I was watching Deception (1946) the other night, and while Bette Davis, Paul Henreid and Claude Rains all gave mesmerizing performances, I often found my attention wandering to Davis’ stunning top floor studio apartment. Enormous windows from floor to ceiling, lush, but tasteful decoration and a grand piano perched in the middle of the room. It isn’t impossible to see why Davis gave into temptation and accepted some pampering.

It got me to thinking about how many movie apartments are absurdly beautiful. And it isn’t necessarily the rich who get the best digs; part of the fun of the movies is that, occasionally, a hard-working dame or a regular fellow can luck into a fantastic view or a remarkably spacious floor plan. Here are some of my favorite movie apartments:

How to Marry a Millionaire (1953)
Sure the glamorous tenants of this spacious penthouse are forced to sell the furniture to cover expenses, but they can’t sell the elegant balcony. Betty Grable, Lauren Bacall and Marilyn Monroe make do by stretching out in the lounge chairs and sipping champagne.

Auntie Mame (1958)
My favorite part of eccentric Auntie Mame’s (Rosalind Russell) apartment is the dramatic staircase, perfectly suited for sweeping entrances. This alone would have been enough for me to include it on the list, but I can’t ignore Mame’s singular décor. For years, the only things I remembered from my first childhood viewing of this movie were her flamboyant decorations and those crazy couches that could move up and down with the touch of a lever.

Roman Holiday (1953)
Newsman Gregory Peck’s tiny studio seems to be a crowded dump at first glance, but once the curtains are opened, everything changes. One of the best moments in the movie is when Audrey Hepburn steps out on the rooftop patio and takes in a jaw dropping panorama of Rome.

Top Hat (1935)
While Ginger Rogers’ Art Deco nest is technically a hotel room, I had to include it on the list, because it is the epitome of 1930s art deco style. While mere mortals would be terrified to do anything in this gorgeous room for fear of mussing the pristine all-white interior, Rogers is completely oblivious to the glamour around her. She’s too busy dealing with her tap dancing neighbor upstairs.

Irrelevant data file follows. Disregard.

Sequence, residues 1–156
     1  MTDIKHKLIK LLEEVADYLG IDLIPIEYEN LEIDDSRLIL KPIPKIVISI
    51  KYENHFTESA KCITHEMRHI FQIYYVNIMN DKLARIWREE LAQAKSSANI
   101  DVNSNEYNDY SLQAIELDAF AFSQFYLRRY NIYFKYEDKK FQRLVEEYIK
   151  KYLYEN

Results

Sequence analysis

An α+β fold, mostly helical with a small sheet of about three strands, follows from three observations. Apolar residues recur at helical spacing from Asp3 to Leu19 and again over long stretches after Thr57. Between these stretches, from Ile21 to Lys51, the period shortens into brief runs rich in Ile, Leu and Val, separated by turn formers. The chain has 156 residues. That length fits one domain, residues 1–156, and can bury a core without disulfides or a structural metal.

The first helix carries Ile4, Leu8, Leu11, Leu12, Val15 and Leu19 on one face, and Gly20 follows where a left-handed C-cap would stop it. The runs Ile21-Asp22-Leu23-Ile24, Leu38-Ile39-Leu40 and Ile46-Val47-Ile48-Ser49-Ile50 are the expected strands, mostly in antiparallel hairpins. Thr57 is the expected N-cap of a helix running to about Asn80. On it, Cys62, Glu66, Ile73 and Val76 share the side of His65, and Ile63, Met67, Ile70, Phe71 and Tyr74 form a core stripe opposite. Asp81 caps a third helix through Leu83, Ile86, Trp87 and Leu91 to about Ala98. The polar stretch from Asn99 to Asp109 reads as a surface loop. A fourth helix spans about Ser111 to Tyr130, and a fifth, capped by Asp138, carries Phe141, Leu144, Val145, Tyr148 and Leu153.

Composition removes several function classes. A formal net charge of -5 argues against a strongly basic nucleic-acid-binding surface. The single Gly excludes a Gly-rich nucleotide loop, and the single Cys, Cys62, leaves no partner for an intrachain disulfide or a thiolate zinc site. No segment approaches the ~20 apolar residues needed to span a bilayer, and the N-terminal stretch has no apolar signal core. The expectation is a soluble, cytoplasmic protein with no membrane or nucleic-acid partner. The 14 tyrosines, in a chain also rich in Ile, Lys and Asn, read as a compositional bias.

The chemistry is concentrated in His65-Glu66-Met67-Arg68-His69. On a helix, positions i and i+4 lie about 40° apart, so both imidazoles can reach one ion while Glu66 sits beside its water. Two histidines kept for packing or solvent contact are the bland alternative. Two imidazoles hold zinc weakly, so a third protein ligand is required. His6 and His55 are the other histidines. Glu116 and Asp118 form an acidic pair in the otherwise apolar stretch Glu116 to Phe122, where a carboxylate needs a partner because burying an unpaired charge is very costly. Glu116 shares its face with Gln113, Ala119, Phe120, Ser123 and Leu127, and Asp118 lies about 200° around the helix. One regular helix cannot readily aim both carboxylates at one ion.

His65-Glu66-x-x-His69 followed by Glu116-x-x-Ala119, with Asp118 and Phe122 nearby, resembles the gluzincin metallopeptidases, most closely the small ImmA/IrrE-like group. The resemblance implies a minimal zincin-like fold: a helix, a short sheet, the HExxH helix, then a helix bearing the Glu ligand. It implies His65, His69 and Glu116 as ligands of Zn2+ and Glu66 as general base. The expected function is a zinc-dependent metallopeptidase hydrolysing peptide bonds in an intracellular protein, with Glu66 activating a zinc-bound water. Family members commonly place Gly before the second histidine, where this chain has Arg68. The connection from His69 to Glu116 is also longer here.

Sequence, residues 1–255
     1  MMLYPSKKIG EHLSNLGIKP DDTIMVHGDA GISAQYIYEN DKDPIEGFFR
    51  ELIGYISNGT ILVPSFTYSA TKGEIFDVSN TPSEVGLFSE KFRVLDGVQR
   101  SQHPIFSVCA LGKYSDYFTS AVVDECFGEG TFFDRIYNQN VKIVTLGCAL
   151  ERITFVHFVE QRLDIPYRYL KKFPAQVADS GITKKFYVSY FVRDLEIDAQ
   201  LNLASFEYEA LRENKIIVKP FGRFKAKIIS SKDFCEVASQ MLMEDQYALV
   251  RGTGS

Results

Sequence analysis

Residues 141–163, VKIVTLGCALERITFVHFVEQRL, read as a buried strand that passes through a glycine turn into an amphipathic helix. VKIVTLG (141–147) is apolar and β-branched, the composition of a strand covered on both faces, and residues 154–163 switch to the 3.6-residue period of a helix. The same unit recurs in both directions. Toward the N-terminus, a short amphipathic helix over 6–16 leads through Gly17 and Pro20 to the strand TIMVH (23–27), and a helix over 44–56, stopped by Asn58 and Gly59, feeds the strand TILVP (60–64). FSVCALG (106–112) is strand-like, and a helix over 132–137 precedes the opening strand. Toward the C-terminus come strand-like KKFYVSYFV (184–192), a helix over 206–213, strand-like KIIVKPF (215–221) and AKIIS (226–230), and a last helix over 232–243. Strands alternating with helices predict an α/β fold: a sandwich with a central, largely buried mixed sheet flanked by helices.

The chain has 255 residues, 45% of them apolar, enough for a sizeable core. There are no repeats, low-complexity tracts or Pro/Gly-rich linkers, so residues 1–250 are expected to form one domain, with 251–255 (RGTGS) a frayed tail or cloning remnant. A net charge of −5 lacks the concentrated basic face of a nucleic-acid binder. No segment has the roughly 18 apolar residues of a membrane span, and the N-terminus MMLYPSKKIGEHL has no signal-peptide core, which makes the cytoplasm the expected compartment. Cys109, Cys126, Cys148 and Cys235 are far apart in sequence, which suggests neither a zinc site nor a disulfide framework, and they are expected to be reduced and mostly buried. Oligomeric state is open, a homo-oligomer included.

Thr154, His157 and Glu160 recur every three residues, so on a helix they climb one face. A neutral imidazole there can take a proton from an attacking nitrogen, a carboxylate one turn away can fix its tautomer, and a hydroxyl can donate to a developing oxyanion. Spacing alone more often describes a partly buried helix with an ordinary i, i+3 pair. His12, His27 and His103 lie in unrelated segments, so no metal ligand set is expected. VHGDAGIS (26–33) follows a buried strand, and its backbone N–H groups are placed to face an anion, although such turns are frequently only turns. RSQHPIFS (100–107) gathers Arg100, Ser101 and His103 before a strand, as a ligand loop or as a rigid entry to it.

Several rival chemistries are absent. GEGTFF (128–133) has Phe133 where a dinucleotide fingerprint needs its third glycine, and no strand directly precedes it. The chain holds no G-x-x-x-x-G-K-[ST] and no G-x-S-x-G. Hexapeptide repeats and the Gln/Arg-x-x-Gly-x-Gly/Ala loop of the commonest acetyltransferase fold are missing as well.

Image Source

Classic Links

I love this 1940 article from Time about Hollywood—
Time

The Good, The Bad, The Racist (wonderful post--brilliantly expressed)—
Riku Writes

Vanity Fair’s Depression-era movie classics photo shoot (These are always interesting—if a bit icky. There’s nothing as potent as the original stars.)—
Kanlaon

TV Tuesday: The Talk Show Generation Gap

One of the things that made the sixties and seventies a golden age for television talk shows was the often awkward, but always interesting interaction among the cross-generational guests. Several big names from the studio age were still alive and available for a chat, and they often found themselves face-to-face with the young actors and musicians of the day. These meetings never fail to be at least a bit awkward as two generations attempt to understand each other, but it is endearing how kind and even curious about each other they could be. Here are a couple of my favorite cross-generational meetings.

James Brown and Alfred Hitchcock

Though he doesn’t get the name of the movie right, it is obvious that Psycho (1960) made a memorable impression on James Brown. While sharing the stage with Hitch on The Mike Douglas Show, he can’t help asking a question about the famous shower scene. Hitch firmly, though also with good humor, refuses to answer in public, but promises an abashed Brown to answer his question in private:



Janis Joplin and Gloria Swanson

Though their conversation is civil, the tension between Joplin and Swanson is palpable in this brief clip from a 1970 episode of The Dick Cavett Show. The glamorously-dressed Swanson seems unsure what to make of Joplin with her wild hair and hippy threads, though it must be said that they are well-matched in outlandishness:



Have you seen any other great cross-generational meetings on old talk shows? I’d love to see them if you have. I’m still working on getting my comments functional, but my e-mail and Twitter work!

Classic New Releases

I'm always searching for new releases that I'd like to see, so I thought I might as well start sharing the information with all of you. Here are some titles coming out today:

TCM Greatest Classic Films Collection: Murder Mysteries (The Maltese Falcon / The Big Sleep / Dial M for Murder / The Postman Always Rings Twice)

TCM Greatest Classic Films Collection: Science Fiction (2001 A Space Odyssey / Soylent Green / Forbidden Planet / The Time Machine)

TCM Greatest Classic Films Collection: Horror (House of Wax 1953 / The Haunting 1963 / Freaks / Dr. Jekyll and Mr. Hyde 1941)

Sony Pictures: They Came to Cordura (1959)

MGM/UA: Some Like it Hot (1959) (50th Anniversary Edition)
Related Posts with Thumbnails